"For six days, work shall be done…" (35:2)

The Torah expresses itself in the passive - 'work shall be done' - rather than using the active - 'do work'. This is to teach us the proper attitude toward our workday pursuits: the necessary mundane involvements of life should be approached in a matter-of-fact and unenthusiastic manner…

- Rabbi Menachem M. Schneerson, the Lubavitcher Rebbe, of righteous memory

Rabbi Shlomo of Karlin was expected at the home of Rabbi Schneur Zalman of Liadi. But the visit gave rise to a dispute between the Rebbe's wife and her daughter, Freidkeh. For several years now, Freidkeh had taken charge of all the cooking in the house; now, in honor of the distinguished guest, the Rebbetzin wanted to retake the kitchen. The Rebbetzin cited seniority and baalbosteh's1 rights. Her daughter argued that since she always does all the cooking, it is hardly fair that the task be taken from her just when an honored guest arrives.

The case was referred for arbitration to Rabbi Schneur Zalman, who offered the following compromise: The Rebbetzin will prepare the food, but Freidkeh would add the salt. Since the food will be all but tasteless without her contribution, the privilege of feeding Rabbi Shlomo would be equally hers.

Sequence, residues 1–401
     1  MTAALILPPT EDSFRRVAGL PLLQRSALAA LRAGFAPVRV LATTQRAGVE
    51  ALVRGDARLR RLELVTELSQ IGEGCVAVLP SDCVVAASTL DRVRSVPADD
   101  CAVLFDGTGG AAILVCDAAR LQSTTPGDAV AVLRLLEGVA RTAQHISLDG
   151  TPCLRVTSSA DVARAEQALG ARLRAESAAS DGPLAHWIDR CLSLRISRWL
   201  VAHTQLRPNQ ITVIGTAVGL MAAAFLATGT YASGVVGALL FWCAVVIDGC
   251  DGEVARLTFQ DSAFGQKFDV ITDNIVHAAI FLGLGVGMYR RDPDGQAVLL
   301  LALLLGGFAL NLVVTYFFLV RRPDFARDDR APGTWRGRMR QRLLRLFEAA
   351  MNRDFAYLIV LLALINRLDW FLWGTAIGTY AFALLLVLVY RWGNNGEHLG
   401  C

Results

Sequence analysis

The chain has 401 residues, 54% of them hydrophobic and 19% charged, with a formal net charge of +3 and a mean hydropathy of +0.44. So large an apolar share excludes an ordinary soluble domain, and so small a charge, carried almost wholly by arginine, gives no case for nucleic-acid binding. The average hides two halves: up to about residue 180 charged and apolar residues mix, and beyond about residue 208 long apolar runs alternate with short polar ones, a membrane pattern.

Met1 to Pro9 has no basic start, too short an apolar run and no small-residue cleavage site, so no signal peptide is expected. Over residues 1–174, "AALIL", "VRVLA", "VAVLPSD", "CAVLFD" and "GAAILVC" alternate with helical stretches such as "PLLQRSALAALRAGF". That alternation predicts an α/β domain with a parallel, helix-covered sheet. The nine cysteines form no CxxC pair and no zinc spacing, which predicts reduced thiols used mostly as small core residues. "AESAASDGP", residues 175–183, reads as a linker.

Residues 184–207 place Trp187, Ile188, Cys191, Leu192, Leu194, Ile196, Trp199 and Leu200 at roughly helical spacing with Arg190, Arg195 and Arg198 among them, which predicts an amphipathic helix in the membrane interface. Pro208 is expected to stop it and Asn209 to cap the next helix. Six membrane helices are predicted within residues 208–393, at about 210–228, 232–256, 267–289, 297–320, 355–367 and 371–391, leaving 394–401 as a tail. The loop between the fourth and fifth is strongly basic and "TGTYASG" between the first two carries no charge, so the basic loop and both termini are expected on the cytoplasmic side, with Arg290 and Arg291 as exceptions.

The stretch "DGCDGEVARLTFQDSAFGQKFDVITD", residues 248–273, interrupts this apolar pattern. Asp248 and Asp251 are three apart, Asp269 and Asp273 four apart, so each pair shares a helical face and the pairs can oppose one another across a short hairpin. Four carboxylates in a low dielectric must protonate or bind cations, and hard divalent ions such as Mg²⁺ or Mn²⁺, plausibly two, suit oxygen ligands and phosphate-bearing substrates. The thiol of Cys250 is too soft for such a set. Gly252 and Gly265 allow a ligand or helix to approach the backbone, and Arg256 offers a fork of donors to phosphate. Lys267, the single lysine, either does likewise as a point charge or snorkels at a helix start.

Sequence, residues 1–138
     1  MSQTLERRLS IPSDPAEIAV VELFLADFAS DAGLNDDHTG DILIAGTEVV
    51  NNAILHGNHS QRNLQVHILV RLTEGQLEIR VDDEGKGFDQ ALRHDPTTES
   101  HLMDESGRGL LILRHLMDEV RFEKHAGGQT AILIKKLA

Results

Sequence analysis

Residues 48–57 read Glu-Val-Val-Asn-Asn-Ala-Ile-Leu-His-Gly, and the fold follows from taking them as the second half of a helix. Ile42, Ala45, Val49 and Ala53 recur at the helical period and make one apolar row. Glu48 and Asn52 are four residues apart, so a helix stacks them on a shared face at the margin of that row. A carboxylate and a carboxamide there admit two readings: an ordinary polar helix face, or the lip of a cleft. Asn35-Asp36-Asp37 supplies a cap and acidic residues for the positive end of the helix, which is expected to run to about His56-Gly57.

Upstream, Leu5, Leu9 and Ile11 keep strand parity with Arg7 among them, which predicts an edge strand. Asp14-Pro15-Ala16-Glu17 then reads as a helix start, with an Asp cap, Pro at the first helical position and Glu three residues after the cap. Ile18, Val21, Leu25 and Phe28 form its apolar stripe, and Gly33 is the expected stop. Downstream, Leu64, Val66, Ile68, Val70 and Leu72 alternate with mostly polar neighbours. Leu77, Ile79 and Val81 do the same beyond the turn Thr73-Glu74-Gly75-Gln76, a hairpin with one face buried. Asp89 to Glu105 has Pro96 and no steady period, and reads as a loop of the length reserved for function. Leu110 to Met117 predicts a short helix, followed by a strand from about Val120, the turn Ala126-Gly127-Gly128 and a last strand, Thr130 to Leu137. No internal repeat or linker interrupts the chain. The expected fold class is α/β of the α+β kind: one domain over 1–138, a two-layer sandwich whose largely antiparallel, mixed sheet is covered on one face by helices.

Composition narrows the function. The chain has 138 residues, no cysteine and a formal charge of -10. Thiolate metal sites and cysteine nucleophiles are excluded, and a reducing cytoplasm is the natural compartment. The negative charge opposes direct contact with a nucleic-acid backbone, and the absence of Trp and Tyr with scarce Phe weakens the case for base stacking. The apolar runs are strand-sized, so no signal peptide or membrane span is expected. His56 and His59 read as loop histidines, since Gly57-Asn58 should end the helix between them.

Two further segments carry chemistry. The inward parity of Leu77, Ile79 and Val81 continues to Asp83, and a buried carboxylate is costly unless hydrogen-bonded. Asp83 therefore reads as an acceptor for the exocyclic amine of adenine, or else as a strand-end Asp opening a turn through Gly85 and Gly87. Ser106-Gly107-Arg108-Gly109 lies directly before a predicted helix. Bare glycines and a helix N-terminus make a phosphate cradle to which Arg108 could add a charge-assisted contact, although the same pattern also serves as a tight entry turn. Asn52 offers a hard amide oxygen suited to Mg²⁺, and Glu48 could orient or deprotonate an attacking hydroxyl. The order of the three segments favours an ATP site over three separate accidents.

But when the much-contested dish finally reached the table, Rabbi Shlomo Karliner found himself unable to continue past the first spoonful. The force of decades-long habit had caused the Rebbetzin to salt the food without even realizing it, and Freidkeh, of course, had not failed to perform her duty. The result was simply impossible to swallow.

But the sodium story of this hapless dish was far from over: a third dash of salt now joined its predecessors, this time cast by the hand of Rabbi Schneur Zalman himself. Upon noticing the neglected plate in front of his guest, the Rebbe figured that perhaps the food is not sufficiently salted to Rabbi Shlomo's taste.

Finally, Rabbi Schneur Zalman asked the Karliner why he wasn't eating; Rabbi Shlomo replied that the food was too salty to eat. Surprized, Rabbi Schneur Zalman took another spoonful from his own plate and swallowed thoughtfully. "You know," he said, "you're right."

"From the time that I journeyed to Mezeritch to my Rebbe" the Rebbe explained "I have not sensed the taste of food."